96 Percent Of Consumers Who Visit A Grocery Store Make At Least One CPG Purchase

Approximately 96 percent of consumers who visit a mass merchandiser or grocery store make at least one CPG purchase, according to research commissioned by GroundTruth — indicating a significant sales opportunity for the locations that most can effectively drive foot traffic.

The same trend appears to hold true for drug stores as well: 91 percent of consumers who visit pick up at least one CPG item.

These statistics indicate that once CPG marketers have gotten a shopper to a physical store location, there’s a near-guarantee of a sale — which is a good thing. But it’s important to separate correlation from causation here: Most customers don’t just decide stock up on toothpaste because they saw an ad when they were nearby a drugstore. Rather, people who have the intent to buy essential CPG items tend to visit a nearby retailer to fulfill this need.

Pharmacies and groceries aren’t locations for window shopping and browsing the same way a retailer like Nordstrom might be. That’s why, when it comes to driving foot traffic, it is crucial to target customer intent: Real-time location is one strong predictor of intent, but when combined with historical geo-data and behavior targeting, these businesses have a chance to win when it comes to driving foot traffic from shoppers who are predisposed to make a CPG purchase.

Additional insights from the study below.

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Think With Google: Consumers Are Searching For The ‘Best’ — Even For Low-Consideration Products

Mobile searches for “best” have grown over 80 percent in the past two years, but customers aren’t simply searching for the best luxury hotels or the best mortgage rates: Searches for “best” are showing higher growth among “low-consideration” products like toothpaste or umbrellas than these “high-consideration” products, according to research from Think With Google.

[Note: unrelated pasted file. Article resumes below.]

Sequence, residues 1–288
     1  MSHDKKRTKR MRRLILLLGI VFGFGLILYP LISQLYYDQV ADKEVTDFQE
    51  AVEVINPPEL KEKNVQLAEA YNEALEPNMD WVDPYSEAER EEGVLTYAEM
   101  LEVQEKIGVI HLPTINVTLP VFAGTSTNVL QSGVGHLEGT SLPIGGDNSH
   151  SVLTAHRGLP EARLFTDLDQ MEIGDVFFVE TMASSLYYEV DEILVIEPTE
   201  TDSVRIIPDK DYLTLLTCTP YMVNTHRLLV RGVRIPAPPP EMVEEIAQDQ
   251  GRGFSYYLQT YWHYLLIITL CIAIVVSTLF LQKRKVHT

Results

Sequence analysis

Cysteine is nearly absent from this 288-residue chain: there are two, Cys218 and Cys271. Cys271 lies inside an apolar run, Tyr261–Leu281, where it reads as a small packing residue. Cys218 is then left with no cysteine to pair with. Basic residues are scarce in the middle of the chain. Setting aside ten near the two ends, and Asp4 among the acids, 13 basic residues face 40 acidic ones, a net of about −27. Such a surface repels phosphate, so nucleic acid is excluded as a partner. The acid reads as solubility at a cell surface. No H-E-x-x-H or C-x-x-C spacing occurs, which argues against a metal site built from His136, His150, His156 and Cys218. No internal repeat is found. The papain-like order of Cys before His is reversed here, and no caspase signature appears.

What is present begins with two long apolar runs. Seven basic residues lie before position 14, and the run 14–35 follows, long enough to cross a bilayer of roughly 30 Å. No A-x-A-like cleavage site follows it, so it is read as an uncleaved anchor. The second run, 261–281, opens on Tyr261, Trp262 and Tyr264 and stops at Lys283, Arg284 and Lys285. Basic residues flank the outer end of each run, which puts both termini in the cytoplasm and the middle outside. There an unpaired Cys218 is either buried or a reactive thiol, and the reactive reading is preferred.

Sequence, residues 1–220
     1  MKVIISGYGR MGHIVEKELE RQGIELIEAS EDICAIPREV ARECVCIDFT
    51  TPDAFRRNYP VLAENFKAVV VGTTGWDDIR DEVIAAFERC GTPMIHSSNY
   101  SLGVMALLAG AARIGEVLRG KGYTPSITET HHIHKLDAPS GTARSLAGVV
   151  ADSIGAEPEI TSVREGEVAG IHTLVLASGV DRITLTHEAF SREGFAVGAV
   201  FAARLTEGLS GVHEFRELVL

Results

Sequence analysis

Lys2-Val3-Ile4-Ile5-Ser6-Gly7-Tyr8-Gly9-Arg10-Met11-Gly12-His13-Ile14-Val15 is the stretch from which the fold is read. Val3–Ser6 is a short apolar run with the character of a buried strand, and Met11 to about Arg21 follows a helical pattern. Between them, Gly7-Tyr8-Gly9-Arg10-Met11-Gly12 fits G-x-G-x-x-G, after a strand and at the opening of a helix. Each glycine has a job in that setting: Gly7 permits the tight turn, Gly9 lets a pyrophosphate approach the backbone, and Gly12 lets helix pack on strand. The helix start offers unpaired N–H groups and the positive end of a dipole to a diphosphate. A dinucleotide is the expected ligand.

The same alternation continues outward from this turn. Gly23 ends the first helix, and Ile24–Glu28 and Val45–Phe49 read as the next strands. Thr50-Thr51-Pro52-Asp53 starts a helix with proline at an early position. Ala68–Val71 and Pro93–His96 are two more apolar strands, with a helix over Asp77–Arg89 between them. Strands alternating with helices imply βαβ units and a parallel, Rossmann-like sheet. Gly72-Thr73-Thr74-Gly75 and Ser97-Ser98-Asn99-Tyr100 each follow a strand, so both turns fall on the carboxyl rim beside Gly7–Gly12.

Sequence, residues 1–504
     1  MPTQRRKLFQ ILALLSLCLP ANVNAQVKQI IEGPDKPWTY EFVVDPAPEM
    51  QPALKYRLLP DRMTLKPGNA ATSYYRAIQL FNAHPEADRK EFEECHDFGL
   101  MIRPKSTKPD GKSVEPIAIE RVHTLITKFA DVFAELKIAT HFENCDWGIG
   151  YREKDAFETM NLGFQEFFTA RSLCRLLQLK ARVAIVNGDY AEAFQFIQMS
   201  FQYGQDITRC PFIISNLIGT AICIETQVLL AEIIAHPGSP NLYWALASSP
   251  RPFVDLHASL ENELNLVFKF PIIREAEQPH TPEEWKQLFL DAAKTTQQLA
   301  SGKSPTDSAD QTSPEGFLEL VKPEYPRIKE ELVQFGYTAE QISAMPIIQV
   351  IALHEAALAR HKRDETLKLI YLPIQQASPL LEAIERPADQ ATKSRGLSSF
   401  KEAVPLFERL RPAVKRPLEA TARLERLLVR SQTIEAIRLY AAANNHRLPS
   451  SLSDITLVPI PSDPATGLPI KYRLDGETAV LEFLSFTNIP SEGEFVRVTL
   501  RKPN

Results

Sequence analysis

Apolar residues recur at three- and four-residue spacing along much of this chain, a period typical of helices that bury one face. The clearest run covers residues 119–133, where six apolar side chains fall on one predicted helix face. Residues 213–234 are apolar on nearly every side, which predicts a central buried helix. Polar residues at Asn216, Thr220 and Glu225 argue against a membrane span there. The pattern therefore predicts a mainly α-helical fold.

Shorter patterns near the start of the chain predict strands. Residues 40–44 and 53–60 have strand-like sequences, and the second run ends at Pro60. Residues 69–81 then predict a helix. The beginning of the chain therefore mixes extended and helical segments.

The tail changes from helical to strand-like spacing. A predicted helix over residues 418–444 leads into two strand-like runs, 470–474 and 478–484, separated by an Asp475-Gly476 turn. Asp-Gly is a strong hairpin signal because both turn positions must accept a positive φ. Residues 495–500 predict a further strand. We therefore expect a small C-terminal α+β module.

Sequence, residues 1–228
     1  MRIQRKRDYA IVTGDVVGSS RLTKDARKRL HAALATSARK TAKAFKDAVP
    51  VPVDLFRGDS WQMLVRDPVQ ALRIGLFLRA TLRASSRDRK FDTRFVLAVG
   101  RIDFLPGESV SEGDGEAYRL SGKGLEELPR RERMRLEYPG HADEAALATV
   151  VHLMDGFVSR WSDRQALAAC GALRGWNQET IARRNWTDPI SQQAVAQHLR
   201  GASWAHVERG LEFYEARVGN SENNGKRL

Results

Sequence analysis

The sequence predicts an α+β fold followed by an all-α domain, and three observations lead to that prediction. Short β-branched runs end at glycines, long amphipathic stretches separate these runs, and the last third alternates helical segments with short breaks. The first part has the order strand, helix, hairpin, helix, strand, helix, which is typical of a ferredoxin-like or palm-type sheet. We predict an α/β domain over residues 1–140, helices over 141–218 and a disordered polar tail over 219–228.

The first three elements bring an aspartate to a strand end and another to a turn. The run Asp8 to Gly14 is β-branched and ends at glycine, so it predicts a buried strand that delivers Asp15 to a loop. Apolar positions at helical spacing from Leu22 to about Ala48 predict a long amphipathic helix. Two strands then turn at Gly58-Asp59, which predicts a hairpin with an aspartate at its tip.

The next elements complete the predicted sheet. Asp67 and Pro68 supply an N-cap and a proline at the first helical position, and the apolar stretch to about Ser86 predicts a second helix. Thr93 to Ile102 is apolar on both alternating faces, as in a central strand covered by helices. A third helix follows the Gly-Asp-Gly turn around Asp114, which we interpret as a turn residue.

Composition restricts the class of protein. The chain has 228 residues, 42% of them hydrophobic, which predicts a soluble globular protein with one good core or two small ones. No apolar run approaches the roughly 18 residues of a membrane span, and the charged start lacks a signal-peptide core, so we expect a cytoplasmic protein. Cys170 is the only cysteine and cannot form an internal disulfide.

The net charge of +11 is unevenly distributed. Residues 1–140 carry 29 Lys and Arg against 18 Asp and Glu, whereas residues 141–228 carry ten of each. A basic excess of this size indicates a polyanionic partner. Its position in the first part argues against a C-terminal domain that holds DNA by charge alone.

In fact, mobile searches for “best toothbrush” have grown over 100 percent and “best deodorant” over 60 percent — confirming that consumers are increasingly turning to mobile research not just for the big things, but for everything.

“Whether it’s value, style, or quality we care about, nowadays anything we’re considering buying — no matter the category or price — can be, and is likely to be, researched on mobile first,” TWG’s report states. “That means today’s consumer defines what’s high versus low consideration for herself, so marketers across categories have the chance to influence these curious and investigative shoppers with helpful advice.”

“Best Of” — Via Voice And Text

So, what does this mean for marketers?

First, that even when it comes to low-cost, frequently replaced goods, marketers must assume that shoppers are doing research for “best in category” on mobile. CPG marketers in particular may need to think about their strategy in this area, as reviews for toothbrushes aren’t typically found on a pharmacy’s listing or a Yelp page; it’s likely Amazon that will yield the most results here, unless these brands think specifically about how to rank in a customer’s location-specific search results.

In that vein, there is an inherent location-based quality to these requests: Searching for the “”best x” generally means that someone wants to go somewhere or buy something in the physical world. As we wrote previously, TWG’s research bears this out: Compared to just a year ago, smartphone users are reportedly significantly more likely to purchase from companies whose mobile sites or apps customize information to their location.

And finally, this trend suggests that the voice-first revolution matters for an even wider range of marketers than previously expected: As Google sees increases in “best of” searches across the board, it’s important to bear in mind that over 20 percent of these searches made in the Google app are made by voice. Whether you’re selling turquoise or toothpaste, search results across across platforms matter.

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Why McDonald’s Keeps Winning The QSR Foot-Traffic Game

From Taco Bell to Burger King, a plethora of QSRs have expanded into the morning space — but McDonald’s remains the winner, with 52 percent share of foot traffic among the QSR breakfast leaders, according to the latest QSR Foot Traffic Trends report from GroundTruth (recently rebranded from xAd).

Part of this success is no doubt due to simple factors, like the chain’s size and number of locations, but that can’t entirely account for the loyalty the brand sees compared to its competitors of a similar scale: While Fast Casual customers as a whole are reportedly the “least loyal,” with only 24 percent returning to the same fast casual brand from month to month, 48 percent of McDonald’s customers came back over the same time period.

In light of these insights, GroundTruth’s Sarah Ohle talked to GeoMarketing about how McDonald’s keeps driving customers to its locations, and what physical businesses — from SMBs to enterprise — can learn from it.

GeoMarketing: From your perspective, why does McDonald’s remain the breakfast winner with 52 percent share among the QSR breakfast leaders?